Governor slims down

HARRISBURG, Pa. - October 30, 2009

The walls of Pennsylvania's executive mansion are lined with pictures, a touch of home inside the Governor's official state residence.

These days, though, the man living in the historic house does not like what he sees.

"It was embarrassing."

With a bruising budget battle now behind him, and no re-election effort ahead, Ed Rendell, the once 265 pound, 5 foot 11 inch governor is set on changing his image or perhaps more appropriately his profile.

The regimen, when possible, is at least 30 minutes a day on the treadmill having learned to put more time in at the gym, and:

"Put less in your mouth," he joked.

That's no easy task for a man with an ever changing schedule that favors cheese steaks and a history of bacon heavy breakfasts.

"I would have had 12 pieces of bacon."

He has a fully staffed kitchen.

"He enjoyed to eat. It made him happy. And, you know, whatever he wanted we made for him," said Sous chef Michael Yancey.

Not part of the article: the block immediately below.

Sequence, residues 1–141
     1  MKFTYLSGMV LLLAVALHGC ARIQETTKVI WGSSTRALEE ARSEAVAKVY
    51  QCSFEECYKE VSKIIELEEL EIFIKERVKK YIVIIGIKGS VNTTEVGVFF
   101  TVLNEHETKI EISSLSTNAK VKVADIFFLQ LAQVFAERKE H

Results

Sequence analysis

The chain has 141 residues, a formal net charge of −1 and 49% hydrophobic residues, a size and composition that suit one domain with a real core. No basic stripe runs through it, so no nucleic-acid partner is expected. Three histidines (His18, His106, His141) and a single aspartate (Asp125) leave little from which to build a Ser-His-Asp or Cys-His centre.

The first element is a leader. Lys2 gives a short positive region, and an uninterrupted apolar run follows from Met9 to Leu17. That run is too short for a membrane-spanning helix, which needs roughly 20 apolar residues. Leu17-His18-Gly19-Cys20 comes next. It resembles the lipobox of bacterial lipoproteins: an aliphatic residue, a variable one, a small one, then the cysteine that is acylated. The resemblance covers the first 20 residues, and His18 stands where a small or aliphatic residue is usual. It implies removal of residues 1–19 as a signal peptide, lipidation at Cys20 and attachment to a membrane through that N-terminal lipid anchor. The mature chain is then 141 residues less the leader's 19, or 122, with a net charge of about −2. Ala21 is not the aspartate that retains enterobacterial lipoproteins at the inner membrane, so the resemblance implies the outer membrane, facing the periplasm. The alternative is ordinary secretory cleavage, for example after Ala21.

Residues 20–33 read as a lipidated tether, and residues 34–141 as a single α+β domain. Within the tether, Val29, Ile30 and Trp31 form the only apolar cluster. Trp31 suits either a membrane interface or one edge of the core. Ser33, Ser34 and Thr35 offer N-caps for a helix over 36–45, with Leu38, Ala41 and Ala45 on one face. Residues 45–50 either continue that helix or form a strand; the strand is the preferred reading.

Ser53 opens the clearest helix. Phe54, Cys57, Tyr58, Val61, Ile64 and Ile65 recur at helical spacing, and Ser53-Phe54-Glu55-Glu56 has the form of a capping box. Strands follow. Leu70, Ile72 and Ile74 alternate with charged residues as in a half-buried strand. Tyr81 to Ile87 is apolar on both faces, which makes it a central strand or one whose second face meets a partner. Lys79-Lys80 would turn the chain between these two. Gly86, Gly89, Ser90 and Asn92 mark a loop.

And he has an admitted soft spot for coffee ice cream.

"It's awesome."

These days he says no more.

"I haven't had anything sweet since the middle of June."

As you might imagine, life at the governor's residence is filled with temptations. Lots of people coming and going who could use a snack from time to time like cookies.

One entire fridge is just for visitors, so it's filled to the gills with unhealthy things like ice cream. A second fridge is just for the governor and contains diet soda, salads and other healthy things. And as it turns out, even the dog is on a diet.

Maggie is an unwilling partner in an effort inspired by the Governor's son.

"The biggest thing was when my son Jesse came to me and said 'Dad, remember how you used to love going to my games?' And he said 'don't you want to be around for your grandkids?' Well that's a bit of hyperbole because he just got married and they don't have any kids yet."

Hyperbole or not, it worked. The governor weighs in at 214 pounds these days well on his way to his goal of 200.

He may have less weight to throw around in Harrisburg's political circles, but it's his family circle that matters, loved ones, for whom he expects to, have more time, and energy.

"That's a lesson I'm, gonna keep the rest of my life. And you can keep that footage and if I go back, you can get that footage out and show it. But I don't expect to go back."

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